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Hydrodechlorination of 1,2-dichloroethane and dichlorodifluoromethane over Ni/C catalysts: The effect of catalyst carbiding

Paper ID Volume ID Publish Year Pages File Format Full-Text
43988 45998 2007 12 PDF Available
Title
Hydrodechlorination of 1,2-dichloroethane and dichlorodifluoromethane over Ni/C catalysts: The effect of catalyst carbiding
Abstract

In spite of previous reports, nickel catalysts appeared active in hydrodechlorination of 1,2-dichloroethane, producing ethylene with very high selectivity (up to 97%) at low temperatures of reaction (210–230 °C). In addition, at these temperatures, nickel deactivation by surface chloriding, observed by others, does not practically occur. The use of different nickel salts (chloride, nitrate, acetate) as catalyst precursors makes it possible to obtain different metal dispersions, reflected in variations of overall catalytic activity expressed per mass of nickel. The conditions of catalyst reduction led to a complete reduction of nickel precursor and effective removal of the counterion (Cl− or NO3−). Interestingly, in the case of the chloride- and acetate-derived catalysts, the selectivity to vinyl chloride increases gradually with time on stream, at the expense of ethylene, even up to 30%. The appearance of fcc NiCx solutions (x ≤ 0.1) and an hcp Ni3C phase in Ni/C catalysts used results from a massive production of ethylene, which is an efficient carbiding agent. An increasingly deeper transformation of Ni to Ni3C led to a higher selectivity to vinyl chloride. Alternatively, the Ni/C samples which were most selective toward ethylene (and characterized by a smaller Ni particle size) contained only tiny amounts of carbon in the form of NiCx solution. The behavior of Ni/C catalysts seems to be largely regulated by the population of surface carbon species. A higher surface carbon content (implied by a higher carbon content in Ni3C than in NiCx ≤ 0.1) creates an undeniable difficulty in removal of the second chlorine atom from 1,2-dichloroethane. It is suggested that, in such conditions, a new reaction route leading to vinyl chloride via a concerted elimination of HCl is feasible. The Ni/C catalysts subjected to CCl2F2 hydrodechlorination contained even higher amounts of Ni3C than the analogous samples screened in the reaction of 1,2-dichloroethane.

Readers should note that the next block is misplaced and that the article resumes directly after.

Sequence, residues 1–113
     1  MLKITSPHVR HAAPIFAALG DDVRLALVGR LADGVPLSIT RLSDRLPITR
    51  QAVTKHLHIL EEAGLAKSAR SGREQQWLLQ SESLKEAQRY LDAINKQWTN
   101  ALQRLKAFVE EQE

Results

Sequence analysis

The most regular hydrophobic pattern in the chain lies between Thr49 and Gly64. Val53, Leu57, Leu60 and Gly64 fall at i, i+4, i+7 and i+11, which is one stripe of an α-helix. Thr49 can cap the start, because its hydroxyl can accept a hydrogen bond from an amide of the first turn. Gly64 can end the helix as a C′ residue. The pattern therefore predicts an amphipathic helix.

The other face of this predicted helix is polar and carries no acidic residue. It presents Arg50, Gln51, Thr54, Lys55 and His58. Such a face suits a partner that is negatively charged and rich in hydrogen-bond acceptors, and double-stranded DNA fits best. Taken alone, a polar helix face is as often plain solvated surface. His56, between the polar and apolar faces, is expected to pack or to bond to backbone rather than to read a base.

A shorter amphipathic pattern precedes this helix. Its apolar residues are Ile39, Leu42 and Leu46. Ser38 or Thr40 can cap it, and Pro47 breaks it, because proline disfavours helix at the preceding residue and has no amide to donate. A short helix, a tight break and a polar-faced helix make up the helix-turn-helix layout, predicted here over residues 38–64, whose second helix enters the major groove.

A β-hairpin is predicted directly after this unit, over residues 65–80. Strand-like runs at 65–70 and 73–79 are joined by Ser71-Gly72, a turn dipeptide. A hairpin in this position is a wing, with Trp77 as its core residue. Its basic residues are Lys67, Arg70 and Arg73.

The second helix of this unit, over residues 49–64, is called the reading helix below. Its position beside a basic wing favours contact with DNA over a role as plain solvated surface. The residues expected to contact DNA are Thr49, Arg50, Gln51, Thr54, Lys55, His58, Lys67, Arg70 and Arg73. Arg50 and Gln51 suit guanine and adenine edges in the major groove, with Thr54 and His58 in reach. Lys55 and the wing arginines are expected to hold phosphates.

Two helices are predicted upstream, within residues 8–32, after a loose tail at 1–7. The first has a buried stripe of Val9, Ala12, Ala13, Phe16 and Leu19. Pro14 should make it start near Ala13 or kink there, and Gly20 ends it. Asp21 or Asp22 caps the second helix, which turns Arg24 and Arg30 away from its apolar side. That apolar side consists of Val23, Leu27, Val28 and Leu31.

Graphical abstractNi/C appeared active in hydrodechlorination of 1,2-dichloroethane, producing ethylene with very high selectivity (up to 97%) at low temperatures of reaction (210–230 °C), without catalyst deactivation. The appearance of fcc NiCx solutions (x ≤ 0.1) and an hcp Ni3C phase in Ni/C catalysts used results from a massive production of ethene, which is an efficient carbiding agent, however a deeper transformation of Ni to Ni3C led to a higher selectivity to vinyl chloride, at the expense of ethene, even up to 30%. It is suggested that a new reaction route leading to vinyl chloride via a concerted elimination of HCl is feasible. Figure optionsDownload full-size imageDownload as PowerPoint slide

Keywords
Hydrodechlorination; Nickel/Sibunit carbon; 1,2-Dichloroethane; Dichlorodifluoromethane; Selectivity to ethylene; Selectivity to vinyl chloride; Ni3C; NiCx
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Hydrodechlorination of 1,2-dichloroethane and dichlorodifluoromethane over Ni/C catalysts: The effect of catalyst carbiding
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Publisher
Database: Elsevier - ScienceDirect
Journal: Applied Catalysis A: General - Volume 319, 1 March 2007, Pages 181–192
Authors
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Subjects
Physical Sciences and Engineering Chemical Engineering Catalysis
Get Full-Text Now
Don't Miss Today's Special Offer
Price was $35.95
You save - $31
Price after discount Only $4.95
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